Why was it important to defend the independence of the judiciary? It was not because of any hypersensitivity on the part of the judges, who are used to robust criticism of their judgments; it is because of the critical importance in the function of the constitution that the Government should show respect for the rule of law. If one needs any illustration of the importance of that principle, one only has to look to the United States of America at this very moment. I should add that I do not suggest for a moment that the role of judges in the constitution does not deserve examination. Indeed, there is an important debate to be had about the proper reach of judicial power—one that is taking place under the auspices of Policy Exchange’s Judicial Power Project. However, there can be no doubt that the Supreme Court acted entirely within its powers in the Gina Miller case and came to a conclusion that was in accordance with the law.
Various noble Lords have put down amendments to the Bill, seeking no doubt to improve the legislation—but on what basis can they reasonably do this? Is it because they are seeking to attribute reasons for the United Kingdom voting to leave which were not in fact provided by the vote? I suspect that the motive is a perfectly worthy one, which is to ensure that the terms of our departure are as satisfactory as, in their view, can be obtained—or, in the case of the Liberal Democrats, that we have an opportunity to think again.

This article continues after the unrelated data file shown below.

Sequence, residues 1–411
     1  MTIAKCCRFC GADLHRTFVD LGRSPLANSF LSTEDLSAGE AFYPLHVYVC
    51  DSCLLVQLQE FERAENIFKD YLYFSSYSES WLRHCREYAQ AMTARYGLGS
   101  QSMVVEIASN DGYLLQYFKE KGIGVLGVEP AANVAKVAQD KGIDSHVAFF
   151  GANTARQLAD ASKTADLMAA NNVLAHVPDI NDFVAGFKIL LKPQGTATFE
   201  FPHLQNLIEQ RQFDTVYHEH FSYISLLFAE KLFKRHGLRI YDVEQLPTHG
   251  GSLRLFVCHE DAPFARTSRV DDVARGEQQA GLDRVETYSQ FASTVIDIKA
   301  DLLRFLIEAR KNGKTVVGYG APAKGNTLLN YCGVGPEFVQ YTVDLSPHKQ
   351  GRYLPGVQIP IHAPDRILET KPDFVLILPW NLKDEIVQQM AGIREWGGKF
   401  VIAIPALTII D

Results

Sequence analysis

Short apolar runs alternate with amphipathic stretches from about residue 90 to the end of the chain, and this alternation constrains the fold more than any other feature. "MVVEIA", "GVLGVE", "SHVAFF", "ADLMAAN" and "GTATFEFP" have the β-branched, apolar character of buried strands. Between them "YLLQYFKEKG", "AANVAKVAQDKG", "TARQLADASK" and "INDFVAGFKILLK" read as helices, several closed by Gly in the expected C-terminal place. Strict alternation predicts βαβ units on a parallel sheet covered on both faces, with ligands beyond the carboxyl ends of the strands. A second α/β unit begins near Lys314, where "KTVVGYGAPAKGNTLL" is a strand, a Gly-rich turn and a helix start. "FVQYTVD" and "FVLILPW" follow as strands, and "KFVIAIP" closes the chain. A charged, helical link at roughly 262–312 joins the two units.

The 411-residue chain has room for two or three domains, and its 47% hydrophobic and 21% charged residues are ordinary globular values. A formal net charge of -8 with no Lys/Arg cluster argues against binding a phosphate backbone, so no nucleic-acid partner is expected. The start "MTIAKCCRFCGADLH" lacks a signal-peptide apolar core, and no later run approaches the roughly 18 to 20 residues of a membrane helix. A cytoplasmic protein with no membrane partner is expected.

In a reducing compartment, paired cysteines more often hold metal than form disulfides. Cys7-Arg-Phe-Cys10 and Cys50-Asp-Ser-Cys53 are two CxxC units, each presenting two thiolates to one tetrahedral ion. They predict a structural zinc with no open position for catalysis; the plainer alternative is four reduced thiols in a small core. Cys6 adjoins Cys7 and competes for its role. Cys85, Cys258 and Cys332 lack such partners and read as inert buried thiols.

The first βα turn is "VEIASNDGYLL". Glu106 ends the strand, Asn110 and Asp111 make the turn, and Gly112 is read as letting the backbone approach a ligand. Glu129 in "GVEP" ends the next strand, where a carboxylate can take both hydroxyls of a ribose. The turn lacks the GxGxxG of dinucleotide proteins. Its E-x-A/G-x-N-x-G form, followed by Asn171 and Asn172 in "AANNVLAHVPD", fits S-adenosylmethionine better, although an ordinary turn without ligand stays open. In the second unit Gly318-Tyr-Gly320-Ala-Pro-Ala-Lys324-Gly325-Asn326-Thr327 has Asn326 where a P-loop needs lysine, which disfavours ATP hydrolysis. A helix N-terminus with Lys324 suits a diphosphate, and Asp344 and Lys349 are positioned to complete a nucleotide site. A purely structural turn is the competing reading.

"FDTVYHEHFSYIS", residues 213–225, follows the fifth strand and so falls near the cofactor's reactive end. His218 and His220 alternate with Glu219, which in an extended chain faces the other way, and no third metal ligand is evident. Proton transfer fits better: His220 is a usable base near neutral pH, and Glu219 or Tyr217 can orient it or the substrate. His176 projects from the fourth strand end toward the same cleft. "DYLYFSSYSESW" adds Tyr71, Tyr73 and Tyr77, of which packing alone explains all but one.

No one on either side of this debate can properly be described as lacking in patriotism. All noble Lords, I am sure, are anxious to ensure the best possible outcome for the United Kingdom—and I do not welcome veiled, or not so veiled, threats to abolish this House if it does not simply acquiesce with the Commons. However, respect for the rule of law and the democratic process drives me to the clear conclusion that we, the unelected House, should pause long and hard before fettering the Government’s undoubted powers to withdraw from the European Union under Article 50.
Rarely do Bills return to the House of Commons without your Lordships having improved them. I am sympathetic to the amendments that concern the rights of EU citizens and the desirability of a so-called meaningful vote after a putative deal has been reached, but I expect to be reassured on these points by my noble friends the Ministers, who will regard these amendments as essentially probing. Our chance to influence matters will come, but we must realise our limitations as the unelected House. The noble Baroness, Lady Ludford, whose enthusiasm for and experience of the EU is much respected, said in the recent edition of the House magazine that,
“the unelected Lords may again have to pressure the Commons to better represent the people”.
There are so many ways in which I am uneasy with that observation that I think it had better speak for itself. No doubt when the noble Baroness winds up this debate she will be able to enlighten us on the democratic legitimacy of that observation. My present view is that we should send this Bill back to the Commons with neither a word added nor a word subtracted.